The Japanese Yen has fluctuated a lot over the years[5], with a typical reference being 130JPY/EUR, a lower bound at 110JPY/EUR, and an upper bound at 155JPY/EUR where it is currently with the current geopolitics and world economy situation. Check it before going, it makes a lot of difference on your budget :)


Japan Rail Pass

Given the above, unless you intend to stay the whole time in the city your destination airport is attached to, it is a great idea to buy a Japan Rail Pass. Available in two different categories (corresponding to 2nd class or 1st class), and three different durations (1, 2 and 3 weeks), this pass enables you to travel unlimited on all lines operated by JR (national train company).

You can check out all the details on their official website, but here are some of the most important points:

  • Eligibility: all foreign citizens, or Japanese citizens who can provide proof that they have lived 10 years or more in the foreign country where they live.
  • Price: for instance 29,650 JPY (228 EUR) for an Adult Ordinary pass for 1 week. Given the above, you would already be on part just by taking the Shinkansen back and forth to Kyoto.
  • Where to buy the pass? You can buy a Japan Rail Pass in Japan, but it is a good idea to plan in advance and by an Exchange Order at one of the JR designated sales offices or agents. This would make you save 10-15% on the price. In France, these are mostly in Paris, but there's one in Nice, Toulouse and in the suburbs of La Rochelle. In Denmark, there are only two, in Copenhagen.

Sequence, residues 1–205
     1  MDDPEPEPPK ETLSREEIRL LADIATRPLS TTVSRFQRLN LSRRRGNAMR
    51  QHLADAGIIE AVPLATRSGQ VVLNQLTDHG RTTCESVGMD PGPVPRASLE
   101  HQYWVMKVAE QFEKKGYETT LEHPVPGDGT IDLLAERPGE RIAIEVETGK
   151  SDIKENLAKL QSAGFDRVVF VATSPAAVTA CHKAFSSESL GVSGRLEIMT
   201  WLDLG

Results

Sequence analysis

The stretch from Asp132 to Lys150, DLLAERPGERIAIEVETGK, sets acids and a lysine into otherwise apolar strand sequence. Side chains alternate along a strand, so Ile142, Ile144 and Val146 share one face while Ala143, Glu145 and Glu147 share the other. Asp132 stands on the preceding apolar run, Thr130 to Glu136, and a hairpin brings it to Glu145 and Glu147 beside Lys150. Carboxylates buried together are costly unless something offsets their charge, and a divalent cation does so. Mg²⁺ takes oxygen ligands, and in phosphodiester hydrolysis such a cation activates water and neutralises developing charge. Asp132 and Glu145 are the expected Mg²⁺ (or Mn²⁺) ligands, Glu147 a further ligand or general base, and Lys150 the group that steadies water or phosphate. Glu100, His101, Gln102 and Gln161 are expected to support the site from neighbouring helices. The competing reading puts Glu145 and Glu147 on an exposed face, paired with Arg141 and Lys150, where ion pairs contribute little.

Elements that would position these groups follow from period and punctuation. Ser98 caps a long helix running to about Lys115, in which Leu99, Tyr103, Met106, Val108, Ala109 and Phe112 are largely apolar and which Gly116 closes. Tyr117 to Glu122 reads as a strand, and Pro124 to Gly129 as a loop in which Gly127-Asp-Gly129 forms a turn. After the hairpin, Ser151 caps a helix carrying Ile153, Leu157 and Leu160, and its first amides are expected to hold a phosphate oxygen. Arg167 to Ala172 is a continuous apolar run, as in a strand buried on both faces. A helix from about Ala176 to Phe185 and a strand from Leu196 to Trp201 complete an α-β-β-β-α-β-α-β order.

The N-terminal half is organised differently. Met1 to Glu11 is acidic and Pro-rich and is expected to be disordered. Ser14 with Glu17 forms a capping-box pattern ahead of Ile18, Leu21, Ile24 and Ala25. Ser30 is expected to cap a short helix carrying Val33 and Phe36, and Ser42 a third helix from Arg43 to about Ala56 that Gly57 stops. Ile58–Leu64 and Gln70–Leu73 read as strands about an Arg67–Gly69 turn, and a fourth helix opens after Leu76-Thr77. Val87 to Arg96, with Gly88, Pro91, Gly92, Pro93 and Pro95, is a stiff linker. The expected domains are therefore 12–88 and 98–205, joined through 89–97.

• Does not work with the Nozomi and Mizuho services of shinkansen, even without seat reservation. These are the fastest ones, and also the coolest looking :) but they are plenty of other shinkansens, which wouldn't feel slower at all. The next fastest are the Hikari.
  • Does not work in the Tokyo Metro lines. You would have to pay extra for that.
  • JR also operates a number of intra-city train lines in which you can also use the pass. You will most likely use it several times for instance in Tokyo (Yamanote line circling around the center, Chuo line crossing the city east-west)
The Hayabusa shinkansen services and its H5 series train by Hitachi Rain and Kawasaki Heavy Industries. It's one of craziest looking and fastest (320 km/h) ones.

Alternative: Seishun 18 Kippu

Seishun 18 Ticket from 2016 - credits: Maki Mountain

A slower but cheaper alternative is the Seishun 18 Kippu or "Youth 18 Ticket", which can be used by anyone regardless of age contrary to what its name suggests.

It is a non-personal, transferrable ticket for 5 person-days, only sold during three specific periods of the year, and can only be used on local trains (普通・futsuudensha, or 各駅・kakuekiteisha) and rapid trains (快速・kaisokuteisha). So not on Shinkansen.